Date of Award

1-1981

Degree Type

Thesis

Degree Name

Doctor of Philosophy (PhD)

Department

Economics / Economic Policy

Supervisor

W.M. Scarth

Abstract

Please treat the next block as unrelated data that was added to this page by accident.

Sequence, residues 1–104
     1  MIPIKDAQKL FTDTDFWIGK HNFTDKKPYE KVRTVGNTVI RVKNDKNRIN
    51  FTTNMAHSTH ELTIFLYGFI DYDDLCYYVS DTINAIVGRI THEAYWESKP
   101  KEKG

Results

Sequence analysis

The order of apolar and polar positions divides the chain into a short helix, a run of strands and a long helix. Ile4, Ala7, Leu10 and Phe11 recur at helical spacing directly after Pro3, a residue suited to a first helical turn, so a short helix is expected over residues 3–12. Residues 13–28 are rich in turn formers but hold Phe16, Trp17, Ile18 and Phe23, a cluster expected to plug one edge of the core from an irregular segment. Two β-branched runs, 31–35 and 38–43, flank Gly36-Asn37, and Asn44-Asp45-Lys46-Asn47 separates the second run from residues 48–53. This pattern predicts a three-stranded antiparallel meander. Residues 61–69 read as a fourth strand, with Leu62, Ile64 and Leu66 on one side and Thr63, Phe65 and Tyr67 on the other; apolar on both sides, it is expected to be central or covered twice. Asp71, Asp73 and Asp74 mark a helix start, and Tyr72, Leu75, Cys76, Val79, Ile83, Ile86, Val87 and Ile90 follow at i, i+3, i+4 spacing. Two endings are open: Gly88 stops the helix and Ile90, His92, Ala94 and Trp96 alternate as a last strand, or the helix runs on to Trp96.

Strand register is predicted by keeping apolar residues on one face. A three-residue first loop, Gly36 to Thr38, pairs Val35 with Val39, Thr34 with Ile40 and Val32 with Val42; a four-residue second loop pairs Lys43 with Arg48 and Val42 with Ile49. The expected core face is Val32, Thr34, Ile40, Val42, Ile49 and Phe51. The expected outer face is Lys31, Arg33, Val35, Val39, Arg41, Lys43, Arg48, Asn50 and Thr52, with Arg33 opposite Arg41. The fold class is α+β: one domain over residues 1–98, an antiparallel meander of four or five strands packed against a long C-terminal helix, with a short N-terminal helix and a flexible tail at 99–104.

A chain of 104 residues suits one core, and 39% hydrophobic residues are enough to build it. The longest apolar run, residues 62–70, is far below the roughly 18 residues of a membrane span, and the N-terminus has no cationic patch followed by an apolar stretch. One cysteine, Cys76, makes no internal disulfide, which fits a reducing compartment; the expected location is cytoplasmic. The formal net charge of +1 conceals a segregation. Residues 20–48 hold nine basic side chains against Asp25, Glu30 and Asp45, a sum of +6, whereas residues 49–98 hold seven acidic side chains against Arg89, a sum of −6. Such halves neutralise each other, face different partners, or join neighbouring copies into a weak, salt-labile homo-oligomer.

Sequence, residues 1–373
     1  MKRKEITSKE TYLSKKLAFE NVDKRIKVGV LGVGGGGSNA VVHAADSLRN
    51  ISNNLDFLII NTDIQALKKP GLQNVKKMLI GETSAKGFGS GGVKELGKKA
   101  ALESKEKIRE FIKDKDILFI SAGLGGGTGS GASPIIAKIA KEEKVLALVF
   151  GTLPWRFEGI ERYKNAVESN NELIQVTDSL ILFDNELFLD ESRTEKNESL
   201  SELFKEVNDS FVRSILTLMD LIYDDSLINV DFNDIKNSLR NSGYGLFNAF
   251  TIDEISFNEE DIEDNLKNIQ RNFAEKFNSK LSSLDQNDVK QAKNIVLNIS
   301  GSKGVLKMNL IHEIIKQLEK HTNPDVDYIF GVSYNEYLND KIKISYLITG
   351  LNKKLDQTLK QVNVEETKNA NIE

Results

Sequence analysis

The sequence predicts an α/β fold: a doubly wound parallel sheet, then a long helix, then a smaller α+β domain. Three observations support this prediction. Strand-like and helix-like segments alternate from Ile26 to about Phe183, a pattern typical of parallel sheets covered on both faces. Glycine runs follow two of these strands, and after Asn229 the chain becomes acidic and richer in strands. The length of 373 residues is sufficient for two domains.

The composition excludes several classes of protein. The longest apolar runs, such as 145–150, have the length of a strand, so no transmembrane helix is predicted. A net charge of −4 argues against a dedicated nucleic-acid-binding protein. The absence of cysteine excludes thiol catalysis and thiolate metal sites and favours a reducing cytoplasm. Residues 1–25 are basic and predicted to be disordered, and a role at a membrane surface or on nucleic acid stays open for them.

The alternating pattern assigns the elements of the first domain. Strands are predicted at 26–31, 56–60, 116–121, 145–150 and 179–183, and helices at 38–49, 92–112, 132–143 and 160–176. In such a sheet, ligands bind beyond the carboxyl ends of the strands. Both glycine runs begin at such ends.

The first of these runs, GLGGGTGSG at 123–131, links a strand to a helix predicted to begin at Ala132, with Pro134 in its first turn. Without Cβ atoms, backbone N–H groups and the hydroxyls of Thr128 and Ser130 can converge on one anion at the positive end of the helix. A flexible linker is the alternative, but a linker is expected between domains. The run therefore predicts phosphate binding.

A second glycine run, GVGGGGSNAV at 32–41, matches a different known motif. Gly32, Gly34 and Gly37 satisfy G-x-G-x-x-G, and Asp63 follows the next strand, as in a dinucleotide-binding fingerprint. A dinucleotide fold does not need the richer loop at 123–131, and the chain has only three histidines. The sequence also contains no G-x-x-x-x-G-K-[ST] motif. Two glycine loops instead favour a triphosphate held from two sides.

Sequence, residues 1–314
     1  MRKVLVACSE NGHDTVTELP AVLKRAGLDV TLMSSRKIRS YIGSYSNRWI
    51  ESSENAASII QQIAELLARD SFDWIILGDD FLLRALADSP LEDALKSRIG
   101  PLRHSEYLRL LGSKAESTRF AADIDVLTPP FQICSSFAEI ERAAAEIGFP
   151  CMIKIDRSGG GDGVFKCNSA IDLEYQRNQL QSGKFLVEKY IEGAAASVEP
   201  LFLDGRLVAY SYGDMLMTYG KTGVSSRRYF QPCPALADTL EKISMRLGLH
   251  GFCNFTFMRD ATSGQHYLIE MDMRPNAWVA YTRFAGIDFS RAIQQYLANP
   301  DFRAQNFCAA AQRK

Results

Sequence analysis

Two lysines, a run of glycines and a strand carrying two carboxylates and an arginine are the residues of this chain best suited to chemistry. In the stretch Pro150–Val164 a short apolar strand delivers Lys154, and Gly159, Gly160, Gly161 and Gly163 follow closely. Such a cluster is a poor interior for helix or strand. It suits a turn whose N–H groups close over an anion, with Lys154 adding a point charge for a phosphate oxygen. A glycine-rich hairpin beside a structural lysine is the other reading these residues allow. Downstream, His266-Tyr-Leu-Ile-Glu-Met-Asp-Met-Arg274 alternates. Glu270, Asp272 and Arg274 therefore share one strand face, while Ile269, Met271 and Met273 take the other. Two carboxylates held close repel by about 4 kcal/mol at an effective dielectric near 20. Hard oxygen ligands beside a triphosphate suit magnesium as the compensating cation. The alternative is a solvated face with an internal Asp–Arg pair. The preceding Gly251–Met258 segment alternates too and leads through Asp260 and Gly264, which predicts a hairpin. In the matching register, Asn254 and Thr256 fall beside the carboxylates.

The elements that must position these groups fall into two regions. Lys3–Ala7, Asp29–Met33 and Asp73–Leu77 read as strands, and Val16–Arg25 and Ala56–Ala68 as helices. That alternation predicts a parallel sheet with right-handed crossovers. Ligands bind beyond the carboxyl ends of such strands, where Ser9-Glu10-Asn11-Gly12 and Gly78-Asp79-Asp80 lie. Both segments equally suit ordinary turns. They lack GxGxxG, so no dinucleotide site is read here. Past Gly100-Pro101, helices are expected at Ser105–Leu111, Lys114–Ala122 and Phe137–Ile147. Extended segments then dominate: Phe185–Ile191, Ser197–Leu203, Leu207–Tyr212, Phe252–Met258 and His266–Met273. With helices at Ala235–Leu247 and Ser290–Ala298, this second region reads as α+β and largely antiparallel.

In this thesis deposit and loan rate-setting equations for chartered banks are derived on the premise that these rates are set so as to maximize the banking industry's profits. Because of the oligopolistic nature of the Canadian banking industry and because explicit collusion is illegal an optimizing model of chartered bank rate-setting behaviour was integrated into the institutional framework of the Canadian banking industry. To do this a two-stage model of the Canadian banking industry is proposed. At the first stage, the prime rate on loans and the rate on non-chequing personal savings deposits are set so as to maximize the collective profits of the industry. To circumvent the illegality of explicit collusion a price leadership model is developed. In this model it is not one of the individual banks which is a price leader, but rather changes in the bank rate act as a signal for all of the individual banks to change their rates. The formulation proposed was tested and the hypothesis accepted for both rates. The second stage of the two-stage model is concerned with asset and liability management and is not developed in this thesis. A second contribution of this thesis is to take into account chartered bank rate-setting behaviour when estimating demand equations for both business loans and non-chequing personal savings deposits. When the estimation procedure used reflects these problems it is found that there are large changes in the values of the estimated coefficients in the demand functions for loans and deposits, compared to the simple O.L.S. estimates of the parameter values.

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